Like a lot of things, though, cycling becomes less fun when you see it as an obligation. For that reason, I plan to keep those four-single-tickets-for-€9 (4-Fahrten-Karten) with me at all times. I can park my bike somewhere and if, for whatever reason, I can't hack riding home, I've got backup. I hate buying day tickets because it then means you need to go on the train around the city all day - preferably somewhere that's out of cycling range - and in the end, spend even more money doing things just so you can say you got your money's worth.
This week I had various visitors in town, so I bought a weekly ticket. It lasted until Saturday, when the visitors were gone, and it was the first really beautiful day in a while - the kind where you wouldn't think twice about getting on a bike. I felt gross that I had to go somewhere far away, just to justify the money I had spent on the ticket!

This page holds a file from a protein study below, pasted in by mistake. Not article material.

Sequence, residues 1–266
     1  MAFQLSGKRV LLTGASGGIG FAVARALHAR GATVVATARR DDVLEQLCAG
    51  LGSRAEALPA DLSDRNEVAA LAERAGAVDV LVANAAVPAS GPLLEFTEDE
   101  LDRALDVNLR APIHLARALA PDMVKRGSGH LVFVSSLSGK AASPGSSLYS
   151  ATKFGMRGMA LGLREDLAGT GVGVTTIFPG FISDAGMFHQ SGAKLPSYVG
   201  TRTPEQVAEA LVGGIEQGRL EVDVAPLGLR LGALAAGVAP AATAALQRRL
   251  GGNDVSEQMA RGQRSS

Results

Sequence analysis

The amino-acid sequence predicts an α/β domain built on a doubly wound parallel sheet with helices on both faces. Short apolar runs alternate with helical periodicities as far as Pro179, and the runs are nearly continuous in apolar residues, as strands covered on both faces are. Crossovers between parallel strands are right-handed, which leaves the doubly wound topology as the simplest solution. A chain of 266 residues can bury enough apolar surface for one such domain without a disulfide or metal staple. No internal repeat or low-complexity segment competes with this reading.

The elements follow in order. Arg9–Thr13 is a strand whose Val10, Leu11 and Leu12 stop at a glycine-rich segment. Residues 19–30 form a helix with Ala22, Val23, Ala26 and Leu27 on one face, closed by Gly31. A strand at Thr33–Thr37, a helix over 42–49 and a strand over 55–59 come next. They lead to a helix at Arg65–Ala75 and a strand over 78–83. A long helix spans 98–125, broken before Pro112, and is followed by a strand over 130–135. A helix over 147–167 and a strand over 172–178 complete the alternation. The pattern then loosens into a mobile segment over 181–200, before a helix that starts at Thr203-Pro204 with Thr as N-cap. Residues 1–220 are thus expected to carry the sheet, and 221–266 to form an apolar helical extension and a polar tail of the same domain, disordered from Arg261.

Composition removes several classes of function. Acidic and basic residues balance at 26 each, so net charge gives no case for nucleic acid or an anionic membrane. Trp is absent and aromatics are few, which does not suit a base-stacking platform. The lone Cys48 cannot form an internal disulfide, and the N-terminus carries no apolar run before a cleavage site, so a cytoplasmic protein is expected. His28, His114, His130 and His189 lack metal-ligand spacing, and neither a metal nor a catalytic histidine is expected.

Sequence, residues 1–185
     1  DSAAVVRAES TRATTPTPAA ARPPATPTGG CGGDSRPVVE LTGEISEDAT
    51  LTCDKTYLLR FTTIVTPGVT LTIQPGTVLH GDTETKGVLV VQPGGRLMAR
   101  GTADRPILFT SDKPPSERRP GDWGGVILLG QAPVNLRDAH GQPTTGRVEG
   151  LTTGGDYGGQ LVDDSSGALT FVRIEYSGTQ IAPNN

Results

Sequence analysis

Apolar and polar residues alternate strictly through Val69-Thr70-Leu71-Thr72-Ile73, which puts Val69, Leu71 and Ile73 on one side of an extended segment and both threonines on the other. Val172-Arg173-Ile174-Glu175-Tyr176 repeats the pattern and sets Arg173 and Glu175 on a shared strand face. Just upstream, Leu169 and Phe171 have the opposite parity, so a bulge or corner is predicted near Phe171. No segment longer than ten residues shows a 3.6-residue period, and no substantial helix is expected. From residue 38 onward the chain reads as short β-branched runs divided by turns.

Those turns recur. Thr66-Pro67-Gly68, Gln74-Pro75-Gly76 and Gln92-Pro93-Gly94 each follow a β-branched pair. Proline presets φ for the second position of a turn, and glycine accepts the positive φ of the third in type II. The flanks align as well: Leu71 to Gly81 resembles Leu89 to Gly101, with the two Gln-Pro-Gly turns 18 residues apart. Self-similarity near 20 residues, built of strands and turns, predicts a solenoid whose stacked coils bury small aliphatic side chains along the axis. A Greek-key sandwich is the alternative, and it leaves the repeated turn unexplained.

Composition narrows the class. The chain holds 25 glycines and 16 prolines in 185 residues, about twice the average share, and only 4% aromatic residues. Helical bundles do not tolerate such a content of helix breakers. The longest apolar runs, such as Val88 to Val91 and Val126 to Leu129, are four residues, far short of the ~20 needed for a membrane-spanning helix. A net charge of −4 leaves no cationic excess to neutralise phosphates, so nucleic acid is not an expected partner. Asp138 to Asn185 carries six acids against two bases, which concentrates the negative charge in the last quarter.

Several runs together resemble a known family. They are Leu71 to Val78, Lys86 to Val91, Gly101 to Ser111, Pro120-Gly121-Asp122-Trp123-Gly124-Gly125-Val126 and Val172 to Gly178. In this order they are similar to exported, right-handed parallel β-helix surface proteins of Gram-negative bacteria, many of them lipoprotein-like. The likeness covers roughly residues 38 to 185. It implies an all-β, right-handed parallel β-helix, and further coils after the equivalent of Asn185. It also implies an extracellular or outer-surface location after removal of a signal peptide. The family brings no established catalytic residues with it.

Weather depending, it feels great to traverse Berlin by bike. It makes it seem so small, distance-wise - giving me a "Ha-ha! You haven't defeated me yet!" feeling - but obviously my body tells me the city is still large. The interesting things I pass as I ride remind me of how much there is left to discover, too. That is important, especially in the winter, during which I had my doubts about whether this city is worth fighting for. I've concluded that it is.